Iranians feeling pain of higher prices

TEHRAN — On a recent trip to a city on the Persian Gulf, Iranian President Mahmoud Ahmadinejad stood in the back of a pickup as it made its way through a thick crowd clamoring for his attention when an older, disheveled man began to shout at him.

“Ahmadinejad, I am hungry, Ahmadinejad, I am hungry,” he pleaded desperately. The man banged on the pickup’s front window to get the notice of the president, who leaned forward as the two exchanged a few words. A young woman then climbed onto the hood of the vehicle and told the leader, “I have problems.”

The video of the incident in Bandar Abbas was widely circulated on social media among those who saw it as a symbol of the struggle of everyday Iranians trying to cope with soaring prices and high living costs.

There are stirrings of discontent here as the cash-strapped government trims longtime subsidies on fuel and staple goods. Recent U.S. and European Union sanctions on Iran’s central bank and oil industry, in response to the country’s disputed nuclear program, have aggravated the dire situation by weakening the currency, the rial.


The period following the Persian New Year is jokingly referred to as Black Spring by business owners and shopkeepers because it is characterized by slow business as Iranians pinch their pocketbooks after the lavish spending of the holiday. But this year, the Black Spring is expected to be even bleaker and to last longer than usual, probably through the end of June.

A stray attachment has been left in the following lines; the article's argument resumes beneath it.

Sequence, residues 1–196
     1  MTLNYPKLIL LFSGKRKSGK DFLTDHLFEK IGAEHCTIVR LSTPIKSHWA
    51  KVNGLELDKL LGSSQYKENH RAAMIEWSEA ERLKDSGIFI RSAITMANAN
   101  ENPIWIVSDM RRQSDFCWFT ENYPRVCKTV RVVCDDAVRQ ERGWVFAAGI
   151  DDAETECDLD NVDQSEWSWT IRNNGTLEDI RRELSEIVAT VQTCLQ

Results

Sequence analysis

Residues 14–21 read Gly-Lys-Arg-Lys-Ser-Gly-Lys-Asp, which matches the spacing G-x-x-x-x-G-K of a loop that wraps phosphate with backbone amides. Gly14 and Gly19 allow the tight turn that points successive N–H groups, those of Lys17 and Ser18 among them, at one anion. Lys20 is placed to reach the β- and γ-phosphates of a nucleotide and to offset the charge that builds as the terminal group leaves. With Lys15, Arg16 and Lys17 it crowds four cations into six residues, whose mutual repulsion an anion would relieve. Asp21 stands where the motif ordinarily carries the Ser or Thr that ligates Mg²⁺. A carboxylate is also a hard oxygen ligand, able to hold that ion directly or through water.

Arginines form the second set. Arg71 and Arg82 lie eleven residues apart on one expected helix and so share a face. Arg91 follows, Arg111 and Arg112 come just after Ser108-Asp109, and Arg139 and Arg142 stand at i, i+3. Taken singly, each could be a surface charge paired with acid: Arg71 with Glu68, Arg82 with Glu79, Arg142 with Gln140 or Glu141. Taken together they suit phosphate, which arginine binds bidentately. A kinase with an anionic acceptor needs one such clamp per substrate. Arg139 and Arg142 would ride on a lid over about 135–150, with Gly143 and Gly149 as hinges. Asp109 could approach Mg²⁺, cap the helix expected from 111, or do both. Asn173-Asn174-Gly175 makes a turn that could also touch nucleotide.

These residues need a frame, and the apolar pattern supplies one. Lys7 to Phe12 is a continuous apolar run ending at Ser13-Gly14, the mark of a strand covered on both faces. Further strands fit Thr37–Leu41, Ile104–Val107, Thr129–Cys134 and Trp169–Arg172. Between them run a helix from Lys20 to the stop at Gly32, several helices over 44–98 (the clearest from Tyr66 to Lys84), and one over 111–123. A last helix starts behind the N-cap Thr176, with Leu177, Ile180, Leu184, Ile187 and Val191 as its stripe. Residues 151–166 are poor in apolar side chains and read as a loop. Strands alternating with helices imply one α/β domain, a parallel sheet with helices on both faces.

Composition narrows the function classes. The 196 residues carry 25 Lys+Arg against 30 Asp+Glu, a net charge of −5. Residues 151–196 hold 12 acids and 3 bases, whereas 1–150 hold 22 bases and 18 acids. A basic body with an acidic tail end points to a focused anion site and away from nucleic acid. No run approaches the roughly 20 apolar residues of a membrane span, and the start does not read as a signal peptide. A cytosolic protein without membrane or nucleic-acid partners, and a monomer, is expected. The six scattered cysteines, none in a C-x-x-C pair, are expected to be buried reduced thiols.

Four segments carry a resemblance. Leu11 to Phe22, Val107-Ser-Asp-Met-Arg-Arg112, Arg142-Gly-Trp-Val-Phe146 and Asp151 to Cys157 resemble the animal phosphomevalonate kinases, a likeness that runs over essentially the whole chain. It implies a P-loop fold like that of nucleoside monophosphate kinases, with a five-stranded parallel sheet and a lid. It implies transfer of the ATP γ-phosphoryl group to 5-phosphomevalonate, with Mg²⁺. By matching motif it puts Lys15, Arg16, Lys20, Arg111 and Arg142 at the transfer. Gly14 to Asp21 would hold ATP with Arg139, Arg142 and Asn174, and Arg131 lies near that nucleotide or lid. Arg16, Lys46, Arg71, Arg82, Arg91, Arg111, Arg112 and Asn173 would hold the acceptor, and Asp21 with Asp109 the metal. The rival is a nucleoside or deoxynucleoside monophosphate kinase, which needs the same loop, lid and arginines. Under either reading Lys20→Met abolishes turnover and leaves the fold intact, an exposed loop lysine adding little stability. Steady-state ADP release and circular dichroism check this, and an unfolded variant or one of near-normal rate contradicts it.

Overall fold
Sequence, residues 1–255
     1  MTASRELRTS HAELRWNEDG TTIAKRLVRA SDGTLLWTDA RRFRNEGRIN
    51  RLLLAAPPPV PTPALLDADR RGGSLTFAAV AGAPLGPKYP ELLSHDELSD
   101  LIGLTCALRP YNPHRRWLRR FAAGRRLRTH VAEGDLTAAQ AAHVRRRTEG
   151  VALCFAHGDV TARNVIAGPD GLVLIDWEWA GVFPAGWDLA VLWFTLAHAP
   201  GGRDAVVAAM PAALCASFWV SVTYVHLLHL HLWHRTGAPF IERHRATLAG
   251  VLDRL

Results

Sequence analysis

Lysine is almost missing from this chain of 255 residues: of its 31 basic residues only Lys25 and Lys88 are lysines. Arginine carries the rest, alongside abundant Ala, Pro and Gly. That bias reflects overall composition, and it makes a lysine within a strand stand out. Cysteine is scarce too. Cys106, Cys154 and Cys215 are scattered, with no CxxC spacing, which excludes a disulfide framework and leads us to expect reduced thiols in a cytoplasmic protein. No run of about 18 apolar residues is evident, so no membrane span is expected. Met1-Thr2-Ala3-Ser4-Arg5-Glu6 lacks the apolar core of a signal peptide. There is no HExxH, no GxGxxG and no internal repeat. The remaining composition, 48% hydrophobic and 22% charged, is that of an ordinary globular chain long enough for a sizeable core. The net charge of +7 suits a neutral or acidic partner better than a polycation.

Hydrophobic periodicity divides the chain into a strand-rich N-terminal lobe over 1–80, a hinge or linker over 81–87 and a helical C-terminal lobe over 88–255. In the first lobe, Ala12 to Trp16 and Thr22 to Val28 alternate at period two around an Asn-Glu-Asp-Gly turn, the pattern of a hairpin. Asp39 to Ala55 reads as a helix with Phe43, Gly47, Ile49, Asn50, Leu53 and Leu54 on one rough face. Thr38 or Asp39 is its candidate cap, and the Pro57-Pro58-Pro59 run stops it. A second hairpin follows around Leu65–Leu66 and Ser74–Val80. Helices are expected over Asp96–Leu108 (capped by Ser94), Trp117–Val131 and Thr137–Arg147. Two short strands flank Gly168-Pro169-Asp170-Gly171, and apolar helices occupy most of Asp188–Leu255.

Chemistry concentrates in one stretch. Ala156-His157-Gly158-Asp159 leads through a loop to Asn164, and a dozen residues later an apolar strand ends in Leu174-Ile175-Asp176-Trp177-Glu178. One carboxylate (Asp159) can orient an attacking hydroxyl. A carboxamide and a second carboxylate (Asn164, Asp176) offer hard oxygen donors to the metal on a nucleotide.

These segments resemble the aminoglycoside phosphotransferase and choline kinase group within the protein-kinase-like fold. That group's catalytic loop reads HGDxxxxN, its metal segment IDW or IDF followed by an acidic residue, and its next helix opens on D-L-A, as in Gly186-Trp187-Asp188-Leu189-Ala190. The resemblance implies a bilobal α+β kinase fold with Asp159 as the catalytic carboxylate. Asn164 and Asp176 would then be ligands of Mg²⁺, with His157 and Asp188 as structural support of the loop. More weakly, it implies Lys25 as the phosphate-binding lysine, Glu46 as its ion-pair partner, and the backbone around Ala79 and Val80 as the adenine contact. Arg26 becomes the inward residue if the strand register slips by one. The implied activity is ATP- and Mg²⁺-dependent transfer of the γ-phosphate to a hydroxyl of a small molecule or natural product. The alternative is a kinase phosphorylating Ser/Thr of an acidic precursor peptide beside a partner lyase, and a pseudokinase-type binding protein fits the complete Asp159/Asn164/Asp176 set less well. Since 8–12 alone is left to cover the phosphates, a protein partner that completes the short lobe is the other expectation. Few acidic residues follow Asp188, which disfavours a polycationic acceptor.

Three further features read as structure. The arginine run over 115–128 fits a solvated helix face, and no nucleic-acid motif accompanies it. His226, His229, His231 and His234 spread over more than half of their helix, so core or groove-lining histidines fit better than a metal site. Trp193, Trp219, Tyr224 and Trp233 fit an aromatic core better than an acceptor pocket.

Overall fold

“This year the business is so doomed that we can say it is blacker than the expected black and slack spring,” 40-year-old Majid said as he sat in his cramped west Tehran dry cleaning shop waiting for customers.

Majid, who like others in this report didn’t want his last name used for fear of reprisals, says often he doesn’t even bother showing up. He spends his days working out at the gym or drinking with friends.

Hasan Tabrizian, whose tiny shop sells imported kitchenware, passes the time by watching religious soap operas and swapping local soccer news and statistics with other idle shopkeepers. His routine is rarely interrupted by a customer walking into his shop, and those who do only browse.


“My customers in the retail market are diminishing.... People [want] to save money for basic goods,” said Tabrizian, 45.

It is not only members of the public who are complaining. Some in the government and clergy have joined the chorus of grievances, sympathizing with the citizens or perhaps worried that the situation could lead to social unrest.

Ayatollah Mohammad Yazdi, a leading clergy member who heads a seminary society in the holy city of Qom, wrote a rare open letter recently to Ahmadinejad in which he complained about high prices and people becoming increasingly discouraged over the economy.

“Obviously if this continues, then the vulnerable people of our Islamic society, who are the real owners of the revolution, will face serious problems,” Yazdi wrote in the letter published on an Iranian news site.


He urged Ahmadinejad to consult with economists and finance experts on how to solve the problem.

The next day the front page of the daily newspaper Shargh read, “The clergy cry out against soaring prices.”